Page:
1. It is like the Internet in the 90s: People don’t understand it. They don’t see how it will change the world and those who are disrupted by it are doing everything they can to stop it. Think of how libraries said for years that the Internet could not be trusted. After all, how can a system anyone can write on be trustworthy? The rest is history, 10 years later the Internet was mainstream and 20 years later even my grandparents started using it.
We now see the banks say the same thing about Bitcoin, as anyone can use it. The truth is that banks and governments aren’t afraid of the handful of criminals that may use cryptocurrencies. They are afraid the rest of us will use them and go beyond their control.
2. Bitcoin is only 7 years old and still needs a lot of development. Every day thousands of people around the world are working hard to develop improvements for the network, like more transactions, even better privacy and totally new ways of using it like automated contracts.
3. The only thing that we’ve tried like this is the Internet, which was about information. Bitcoin is about money and this is so embedded into our lives that it takes time to change.
What really determines Bitcoin’s success is how often people are using it. Like immigrant workers sending money back home to support their families, without paying a 5-20% fee or waiting days. Like businesses sending and receiving money globally, almost free and instantly. Like the consumer trying to buy some shoes online without paying 3-5% extra in (invisible) fees. Like the person without a bank account who still has access to financial tools, even on a ‘dumb’ Nokia phone.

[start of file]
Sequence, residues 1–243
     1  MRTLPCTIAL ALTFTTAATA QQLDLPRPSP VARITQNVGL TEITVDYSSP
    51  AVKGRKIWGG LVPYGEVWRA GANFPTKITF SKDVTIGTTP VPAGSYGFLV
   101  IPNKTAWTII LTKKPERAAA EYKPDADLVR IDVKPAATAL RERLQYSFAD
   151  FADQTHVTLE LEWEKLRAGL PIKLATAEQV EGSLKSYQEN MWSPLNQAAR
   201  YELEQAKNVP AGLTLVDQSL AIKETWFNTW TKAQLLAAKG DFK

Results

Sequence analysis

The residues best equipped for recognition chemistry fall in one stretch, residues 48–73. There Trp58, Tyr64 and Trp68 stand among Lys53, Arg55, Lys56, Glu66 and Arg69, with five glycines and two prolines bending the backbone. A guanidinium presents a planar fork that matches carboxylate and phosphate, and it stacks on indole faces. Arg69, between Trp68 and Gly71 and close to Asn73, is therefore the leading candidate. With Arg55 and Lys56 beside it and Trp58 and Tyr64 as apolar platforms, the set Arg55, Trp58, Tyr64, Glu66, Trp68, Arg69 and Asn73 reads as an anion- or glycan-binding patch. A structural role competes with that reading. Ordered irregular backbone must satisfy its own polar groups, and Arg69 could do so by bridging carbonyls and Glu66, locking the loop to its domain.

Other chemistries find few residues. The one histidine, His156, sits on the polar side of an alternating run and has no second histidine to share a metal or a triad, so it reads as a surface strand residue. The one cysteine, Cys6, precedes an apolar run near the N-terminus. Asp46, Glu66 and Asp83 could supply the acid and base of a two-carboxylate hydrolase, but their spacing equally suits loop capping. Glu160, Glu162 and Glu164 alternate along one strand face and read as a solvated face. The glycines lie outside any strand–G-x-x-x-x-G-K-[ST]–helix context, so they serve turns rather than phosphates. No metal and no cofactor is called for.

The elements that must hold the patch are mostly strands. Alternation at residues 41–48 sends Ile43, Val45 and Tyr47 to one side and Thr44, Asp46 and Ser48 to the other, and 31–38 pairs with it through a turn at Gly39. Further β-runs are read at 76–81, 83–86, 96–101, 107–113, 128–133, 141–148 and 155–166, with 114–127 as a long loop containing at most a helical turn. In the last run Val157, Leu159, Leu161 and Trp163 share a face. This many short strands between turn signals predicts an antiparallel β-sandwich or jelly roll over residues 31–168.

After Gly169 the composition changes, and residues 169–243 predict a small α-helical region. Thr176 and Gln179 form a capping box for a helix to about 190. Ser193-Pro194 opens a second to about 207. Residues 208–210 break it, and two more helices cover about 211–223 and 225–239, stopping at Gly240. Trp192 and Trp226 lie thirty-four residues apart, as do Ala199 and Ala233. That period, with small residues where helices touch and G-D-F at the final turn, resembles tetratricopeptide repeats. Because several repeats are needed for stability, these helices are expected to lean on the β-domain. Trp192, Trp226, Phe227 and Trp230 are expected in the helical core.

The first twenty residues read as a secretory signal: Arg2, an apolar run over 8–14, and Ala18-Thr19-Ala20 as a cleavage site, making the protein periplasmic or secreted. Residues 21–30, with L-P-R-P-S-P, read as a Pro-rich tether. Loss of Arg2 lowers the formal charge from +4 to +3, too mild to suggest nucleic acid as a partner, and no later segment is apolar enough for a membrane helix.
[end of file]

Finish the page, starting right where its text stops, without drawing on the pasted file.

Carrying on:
These are the things that matter, and just a few of the problems we can solve with this fantastic new technology.
Bitcoin is the next logical evolution in transferring value
It is 2017, we live increasingly internationally and everything in our lives is getting smarter. It’s about time the way we transfer value does too. Bitcoin is still a young network that requires a lot of development before we fully get there, but it has the potential to make the world a better place and is already doing so today. I hope that after my post, you have an open mind about it too.
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If you’re interested in learning more, I give presentations about Bitcoin and the Blockchain. I’m also working on filling up my site with lots of information to help you better understand them.